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Attend, Listen, Apply: An Annual Meeting Guide for the Practicing YO
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One of the most valuable aspects of being a young ophthalmologist (YO) is the shared experience of success and failure, the learning gained from celebrating and commiserating with peers and colleagues as you move from training through practice. As the largest gathering of young ophthalmologists in the world, this year’s Annual Meeting is a can’t-miss event. In particular, the YO Program presents an ideal situation for YOs of all types to learn about and tackle the common issues facing them as they take their first steps out of academia.

Last time, YO Info looked at what the Annual Meeting has to offer residents specifically. This month, we spotlight new-to-practice ophthalmologists and what the Academy has in store this November to help those transitioning from training to practice.

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The YO Program: Calibrated for the Recently Trained
New this year, the YO Program — “It’s YO World, Jumpstart YOur Career” — was tailored to a more specific audience. YO Committee members Eliza Hoskins, MD, and Purnima Patel, MD, co-led the effort to overhaul the program. “Attendees will be happy to find a more interactive and relevant YO Program,” Dr. Patel said.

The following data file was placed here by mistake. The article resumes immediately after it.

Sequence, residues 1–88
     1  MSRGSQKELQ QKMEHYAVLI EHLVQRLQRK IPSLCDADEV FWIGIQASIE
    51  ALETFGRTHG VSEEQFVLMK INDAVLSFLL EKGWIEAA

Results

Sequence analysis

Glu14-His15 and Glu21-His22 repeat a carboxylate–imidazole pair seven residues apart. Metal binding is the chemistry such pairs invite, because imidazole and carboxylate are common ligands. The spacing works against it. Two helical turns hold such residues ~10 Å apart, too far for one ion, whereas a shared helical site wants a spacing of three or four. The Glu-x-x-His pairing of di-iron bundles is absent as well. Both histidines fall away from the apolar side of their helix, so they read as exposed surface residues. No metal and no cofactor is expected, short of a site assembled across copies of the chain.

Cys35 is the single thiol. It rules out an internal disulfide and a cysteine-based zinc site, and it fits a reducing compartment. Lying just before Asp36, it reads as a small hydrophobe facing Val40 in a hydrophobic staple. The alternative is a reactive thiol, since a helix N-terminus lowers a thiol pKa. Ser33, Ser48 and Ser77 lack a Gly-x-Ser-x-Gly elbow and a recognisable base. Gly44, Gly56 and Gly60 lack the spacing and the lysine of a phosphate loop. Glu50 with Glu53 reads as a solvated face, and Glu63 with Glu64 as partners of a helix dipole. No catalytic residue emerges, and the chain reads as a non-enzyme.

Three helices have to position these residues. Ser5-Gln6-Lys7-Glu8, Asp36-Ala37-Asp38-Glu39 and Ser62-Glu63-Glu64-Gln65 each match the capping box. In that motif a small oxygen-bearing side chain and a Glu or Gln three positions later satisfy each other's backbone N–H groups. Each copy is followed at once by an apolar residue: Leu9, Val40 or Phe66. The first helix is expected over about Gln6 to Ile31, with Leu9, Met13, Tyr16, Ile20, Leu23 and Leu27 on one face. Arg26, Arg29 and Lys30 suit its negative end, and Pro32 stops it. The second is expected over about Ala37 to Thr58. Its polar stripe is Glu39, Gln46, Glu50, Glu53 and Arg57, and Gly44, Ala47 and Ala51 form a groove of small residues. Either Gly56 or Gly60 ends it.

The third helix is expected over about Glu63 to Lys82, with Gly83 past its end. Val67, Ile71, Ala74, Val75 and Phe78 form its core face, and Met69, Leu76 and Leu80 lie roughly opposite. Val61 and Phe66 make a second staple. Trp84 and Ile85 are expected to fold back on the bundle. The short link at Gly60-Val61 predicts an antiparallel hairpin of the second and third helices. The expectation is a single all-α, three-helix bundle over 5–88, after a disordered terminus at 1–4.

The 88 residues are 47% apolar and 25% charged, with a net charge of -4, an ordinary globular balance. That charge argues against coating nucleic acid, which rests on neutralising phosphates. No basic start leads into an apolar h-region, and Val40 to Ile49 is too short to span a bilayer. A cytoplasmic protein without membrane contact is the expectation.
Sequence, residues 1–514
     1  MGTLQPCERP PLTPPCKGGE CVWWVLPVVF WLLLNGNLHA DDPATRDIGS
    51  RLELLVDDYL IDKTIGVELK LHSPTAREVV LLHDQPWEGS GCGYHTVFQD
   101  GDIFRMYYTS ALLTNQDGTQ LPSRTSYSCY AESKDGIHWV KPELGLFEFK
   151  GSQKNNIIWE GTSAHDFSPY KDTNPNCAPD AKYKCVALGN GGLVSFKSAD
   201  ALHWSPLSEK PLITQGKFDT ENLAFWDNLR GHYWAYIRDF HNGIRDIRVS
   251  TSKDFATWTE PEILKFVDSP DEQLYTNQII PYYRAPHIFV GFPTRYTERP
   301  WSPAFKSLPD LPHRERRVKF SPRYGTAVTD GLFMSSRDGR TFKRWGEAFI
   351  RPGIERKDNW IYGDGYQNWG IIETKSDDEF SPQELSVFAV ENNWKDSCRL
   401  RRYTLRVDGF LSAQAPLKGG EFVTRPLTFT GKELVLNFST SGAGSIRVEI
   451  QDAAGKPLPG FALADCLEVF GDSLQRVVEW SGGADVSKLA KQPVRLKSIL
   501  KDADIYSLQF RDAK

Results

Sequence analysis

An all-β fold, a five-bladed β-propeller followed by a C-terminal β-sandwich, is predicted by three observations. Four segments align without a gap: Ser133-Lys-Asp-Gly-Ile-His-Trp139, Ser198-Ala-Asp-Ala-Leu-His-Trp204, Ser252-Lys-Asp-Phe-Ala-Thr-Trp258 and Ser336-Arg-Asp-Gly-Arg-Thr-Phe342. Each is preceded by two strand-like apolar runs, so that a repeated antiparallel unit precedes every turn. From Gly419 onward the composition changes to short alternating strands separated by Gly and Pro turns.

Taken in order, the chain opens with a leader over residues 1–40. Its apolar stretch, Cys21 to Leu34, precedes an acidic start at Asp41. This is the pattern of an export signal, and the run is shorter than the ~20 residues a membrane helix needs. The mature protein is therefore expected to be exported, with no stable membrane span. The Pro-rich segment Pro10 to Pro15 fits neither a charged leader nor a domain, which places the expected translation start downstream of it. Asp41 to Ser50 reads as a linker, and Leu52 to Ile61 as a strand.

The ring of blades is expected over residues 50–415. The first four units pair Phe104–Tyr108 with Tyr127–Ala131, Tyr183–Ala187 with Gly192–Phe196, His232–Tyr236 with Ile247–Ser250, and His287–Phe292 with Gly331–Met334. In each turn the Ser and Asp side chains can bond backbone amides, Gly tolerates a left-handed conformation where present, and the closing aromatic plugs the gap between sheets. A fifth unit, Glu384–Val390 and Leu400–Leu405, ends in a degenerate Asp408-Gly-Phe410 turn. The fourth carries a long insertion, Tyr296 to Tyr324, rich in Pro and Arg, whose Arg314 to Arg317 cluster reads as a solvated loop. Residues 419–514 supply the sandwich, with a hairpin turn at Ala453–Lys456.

The new format starts with two hours of content for residents and fellows, followed by two hours of content for YOs in years one to five of practice. “We’ve really tried to focus on the needs of all different types of YOs this year,” said YO Committee Chair Robert F. Melendez, MD, MBA.

#aao13 #yoprogram tip
Use Twitter to ask questions during the program. Include the #yoprogram hashtag to have your question considered.

Related to that, the program committee expanded the panel discussions from one to four to maximize the available time. From locating legitimate practice opportunities to understanding how practices are managed, YOs will have more exposure to the business and contract-negotiation advice so critical to their immediate careers as both partners and clinicians — and it all comes from the mouth of experts.

“Young practitioners are looking for the best answers, the clearest advice available, and they want it from other doctors who are in similar situations … not from some video or canned seminar,” said program moderator William C. Lloyd III, MD, FACS. “The YO Program is live and very real.”

During the lunch-time session designed for both residents and YOs in their first few years of practice, speakers will cover topics like social media and marketing your practice, as well as how to leverage all the Academy resources YOs can make use of as they start their career. “YOs new to practice will learn how to become a great partner, physician and leader in the community,” Dr. Melendez said.